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Louisville Orchestra will perform inside Mammoth Cave with cellist Yo-Yo Ma

Music director Teddy Abrams leads the Louisville Orchestra through a rehearsal at Paristown Hall on Oct. 2, 2020.
Stephanie Wolf
Music director Teddy Abrams leads the Louisville Orchestra through a rehearsal at Paristown Hall on Oct. 2, 2020.

At the State Capitol Wednesday, the Louisville Orchestra announced it had added a concert to its spring lineup, set inside a cavernous venue with a world-famous guest.

Orchestra musicians will be joined by celebrated cellist Yo-Yo Ma for a performance in Mammoth Cave National Park on April 29, music director Teddy Abrams announced during the press conference in Frankfort.

“As part of our desire as musicians to be in every single part of Kentucky, there's one place that we feel needs a special kind of musical celebration. It's one of the greatest natural wonders of the world,” Abrams said.

Abrams immersed himself in the cave’s history and place to create a new work that will tell the “musical story” of the Kentucky geological landmark, and the orchestra will debut the piece at the April 29 performance.

Ma’s visit to Kentucky will also include a residency in Louisville, the music director added.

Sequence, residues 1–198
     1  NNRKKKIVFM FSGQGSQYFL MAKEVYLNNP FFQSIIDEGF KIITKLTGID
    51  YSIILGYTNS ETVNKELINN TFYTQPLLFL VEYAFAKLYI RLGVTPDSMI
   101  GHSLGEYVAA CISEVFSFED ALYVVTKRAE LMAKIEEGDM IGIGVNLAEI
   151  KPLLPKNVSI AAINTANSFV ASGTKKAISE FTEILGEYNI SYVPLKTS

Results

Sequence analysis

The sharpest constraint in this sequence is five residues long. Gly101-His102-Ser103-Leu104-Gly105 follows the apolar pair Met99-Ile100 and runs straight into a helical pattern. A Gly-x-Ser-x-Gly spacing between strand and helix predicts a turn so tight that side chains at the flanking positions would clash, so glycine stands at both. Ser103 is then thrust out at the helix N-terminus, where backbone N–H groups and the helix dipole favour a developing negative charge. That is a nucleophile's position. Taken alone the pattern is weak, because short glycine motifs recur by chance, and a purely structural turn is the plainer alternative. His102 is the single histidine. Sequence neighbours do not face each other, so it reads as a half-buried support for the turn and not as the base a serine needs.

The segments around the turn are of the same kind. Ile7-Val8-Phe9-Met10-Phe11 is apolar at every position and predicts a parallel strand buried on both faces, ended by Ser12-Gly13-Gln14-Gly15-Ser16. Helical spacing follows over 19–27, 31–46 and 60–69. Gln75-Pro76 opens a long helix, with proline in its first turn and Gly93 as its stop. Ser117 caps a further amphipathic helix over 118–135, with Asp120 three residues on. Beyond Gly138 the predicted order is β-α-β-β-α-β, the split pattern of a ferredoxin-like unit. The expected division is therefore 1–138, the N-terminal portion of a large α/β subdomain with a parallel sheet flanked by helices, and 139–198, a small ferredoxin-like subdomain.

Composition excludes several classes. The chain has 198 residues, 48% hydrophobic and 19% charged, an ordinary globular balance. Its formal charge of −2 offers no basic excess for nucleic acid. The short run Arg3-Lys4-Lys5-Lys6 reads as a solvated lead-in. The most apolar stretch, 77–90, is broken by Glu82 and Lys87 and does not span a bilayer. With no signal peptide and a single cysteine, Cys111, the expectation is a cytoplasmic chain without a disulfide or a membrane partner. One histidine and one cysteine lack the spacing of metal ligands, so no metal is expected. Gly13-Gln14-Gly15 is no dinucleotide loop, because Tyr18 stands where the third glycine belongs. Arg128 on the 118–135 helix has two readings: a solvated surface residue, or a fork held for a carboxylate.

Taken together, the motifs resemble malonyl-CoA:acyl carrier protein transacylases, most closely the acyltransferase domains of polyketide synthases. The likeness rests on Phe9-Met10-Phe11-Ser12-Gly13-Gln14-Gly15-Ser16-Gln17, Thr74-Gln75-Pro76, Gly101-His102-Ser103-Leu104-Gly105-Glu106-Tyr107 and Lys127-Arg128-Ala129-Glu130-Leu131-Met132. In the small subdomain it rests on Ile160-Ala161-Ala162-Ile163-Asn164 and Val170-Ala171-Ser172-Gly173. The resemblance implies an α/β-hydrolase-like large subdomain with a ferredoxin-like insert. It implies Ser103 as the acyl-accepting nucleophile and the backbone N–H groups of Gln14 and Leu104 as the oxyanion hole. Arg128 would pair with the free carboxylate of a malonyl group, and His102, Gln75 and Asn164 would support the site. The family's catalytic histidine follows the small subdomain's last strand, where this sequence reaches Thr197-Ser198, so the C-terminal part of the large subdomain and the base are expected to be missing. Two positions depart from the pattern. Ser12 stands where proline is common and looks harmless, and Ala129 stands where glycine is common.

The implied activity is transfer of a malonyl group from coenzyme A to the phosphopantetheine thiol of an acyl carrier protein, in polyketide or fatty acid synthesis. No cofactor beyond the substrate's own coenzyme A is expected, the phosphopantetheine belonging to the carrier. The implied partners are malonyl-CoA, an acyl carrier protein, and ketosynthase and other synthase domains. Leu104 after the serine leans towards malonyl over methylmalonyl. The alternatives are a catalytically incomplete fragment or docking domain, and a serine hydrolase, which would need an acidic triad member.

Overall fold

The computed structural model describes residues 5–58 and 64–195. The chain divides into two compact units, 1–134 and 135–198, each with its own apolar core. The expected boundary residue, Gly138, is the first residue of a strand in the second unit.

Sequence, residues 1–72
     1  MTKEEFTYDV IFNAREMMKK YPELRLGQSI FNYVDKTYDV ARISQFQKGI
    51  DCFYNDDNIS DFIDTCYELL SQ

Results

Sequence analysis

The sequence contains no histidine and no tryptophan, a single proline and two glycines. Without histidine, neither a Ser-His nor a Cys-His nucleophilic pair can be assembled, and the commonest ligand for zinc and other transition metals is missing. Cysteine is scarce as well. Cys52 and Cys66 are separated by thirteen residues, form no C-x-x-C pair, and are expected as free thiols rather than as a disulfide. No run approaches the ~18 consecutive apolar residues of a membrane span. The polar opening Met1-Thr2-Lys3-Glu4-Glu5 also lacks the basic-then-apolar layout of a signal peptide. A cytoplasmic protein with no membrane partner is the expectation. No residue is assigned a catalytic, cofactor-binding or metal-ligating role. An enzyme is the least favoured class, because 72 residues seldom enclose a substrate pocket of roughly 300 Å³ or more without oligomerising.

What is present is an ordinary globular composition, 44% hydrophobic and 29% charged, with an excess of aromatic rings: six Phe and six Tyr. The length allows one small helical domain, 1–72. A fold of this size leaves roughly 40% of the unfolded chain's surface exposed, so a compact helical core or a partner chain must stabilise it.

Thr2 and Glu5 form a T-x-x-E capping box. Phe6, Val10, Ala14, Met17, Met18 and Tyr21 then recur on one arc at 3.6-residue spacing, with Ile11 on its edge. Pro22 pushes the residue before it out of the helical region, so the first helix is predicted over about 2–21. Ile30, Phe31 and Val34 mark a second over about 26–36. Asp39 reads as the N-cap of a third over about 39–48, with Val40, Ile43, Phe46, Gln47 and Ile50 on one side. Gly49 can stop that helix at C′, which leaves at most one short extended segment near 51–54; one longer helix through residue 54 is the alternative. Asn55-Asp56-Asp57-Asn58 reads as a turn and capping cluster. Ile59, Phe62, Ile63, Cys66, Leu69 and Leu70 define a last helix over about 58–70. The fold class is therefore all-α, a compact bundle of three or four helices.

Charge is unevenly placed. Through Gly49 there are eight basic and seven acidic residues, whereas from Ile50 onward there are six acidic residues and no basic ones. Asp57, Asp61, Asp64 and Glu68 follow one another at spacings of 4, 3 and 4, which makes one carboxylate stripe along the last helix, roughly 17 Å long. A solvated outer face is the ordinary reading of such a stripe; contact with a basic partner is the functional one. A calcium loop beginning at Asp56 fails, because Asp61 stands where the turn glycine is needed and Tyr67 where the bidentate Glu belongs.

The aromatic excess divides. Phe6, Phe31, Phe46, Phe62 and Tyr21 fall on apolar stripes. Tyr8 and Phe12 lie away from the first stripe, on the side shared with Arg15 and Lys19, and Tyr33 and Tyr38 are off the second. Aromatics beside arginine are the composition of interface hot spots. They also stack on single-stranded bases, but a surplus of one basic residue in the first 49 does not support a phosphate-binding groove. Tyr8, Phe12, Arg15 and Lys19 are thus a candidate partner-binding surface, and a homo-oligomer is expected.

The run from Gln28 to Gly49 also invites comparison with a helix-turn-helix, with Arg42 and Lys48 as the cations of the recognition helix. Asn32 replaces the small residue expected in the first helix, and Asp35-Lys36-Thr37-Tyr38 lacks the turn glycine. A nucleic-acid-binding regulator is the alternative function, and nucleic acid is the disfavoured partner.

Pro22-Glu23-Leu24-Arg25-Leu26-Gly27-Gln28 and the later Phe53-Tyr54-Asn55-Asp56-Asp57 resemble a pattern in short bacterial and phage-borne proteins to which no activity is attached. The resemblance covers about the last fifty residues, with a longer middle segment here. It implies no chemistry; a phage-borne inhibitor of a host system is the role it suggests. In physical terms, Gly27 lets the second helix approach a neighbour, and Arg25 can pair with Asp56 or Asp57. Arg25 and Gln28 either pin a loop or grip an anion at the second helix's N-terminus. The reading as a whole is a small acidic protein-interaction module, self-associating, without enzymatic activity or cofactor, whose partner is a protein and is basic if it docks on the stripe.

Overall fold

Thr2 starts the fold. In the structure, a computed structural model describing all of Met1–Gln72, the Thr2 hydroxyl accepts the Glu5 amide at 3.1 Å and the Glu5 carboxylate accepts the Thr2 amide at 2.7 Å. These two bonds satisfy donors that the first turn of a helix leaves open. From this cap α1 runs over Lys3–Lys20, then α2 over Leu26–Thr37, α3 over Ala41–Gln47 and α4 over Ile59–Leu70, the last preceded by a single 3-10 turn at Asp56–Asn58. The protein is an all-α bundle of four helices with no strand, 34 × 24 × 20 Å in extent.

Mammoth Cave National Park superintendent Barclay Trimble said he began conversations with the orchestra in 2021, and over the last year-plus, they’ve discussed how to create connections between culture, music and public lands.

“So, for anyone who has ventured into Mammoth Cave, you can't help but notice how a single tune will carry through the vast passages,” Trimble said, noting that the national park has a centuries-long history of music with musical ensembles and artists having composed and performed works inside the cave.

The Mammoth Cave concert will be followed by a two-year statewide tour funded by a $4.3 million appropriation from the Kentucky General Assembly announced last legislative session.

Abrams said he wants these concerts to be about more than music, he wants them to be about building relationships.

“We might be in eastern Kentucky or western Kentucky, north, south anywhere, but we'll be in that community for a while,” he said. “We'll be in the community for multiple days. We're going to visit schools, libraries, community centers, and these concerts are not going to look like your normal concert. It's not just going to be an orchestra playing, and then it's over and you clap. We want these concerts to be something where everybody feels like they have ownership of this.”

The Bluegrass State is famous for its musical history, which is why, Abrams said, they’ve tried to create programming that will help Kentuckians feel a part of that musical legacy.

“Now, the Louisville Orchestra is embarking on a new adventure showing the world the full potential of what an orchestra can be,” Gov. Andy Beshear said Wednesday. “You aren't just asking people to come to you. You are meeting them, where they are, where music can connect to them in their neighborhoods.”

According to, the lottery for the Mammoth Cave concert tickets opens up at 10 a.m. on Jan. 30.

Disclaimer: Louisville Orchestra is among the financial supporters of Arts, Culture, Et Cetera, a newsletter from Louisville Public Media.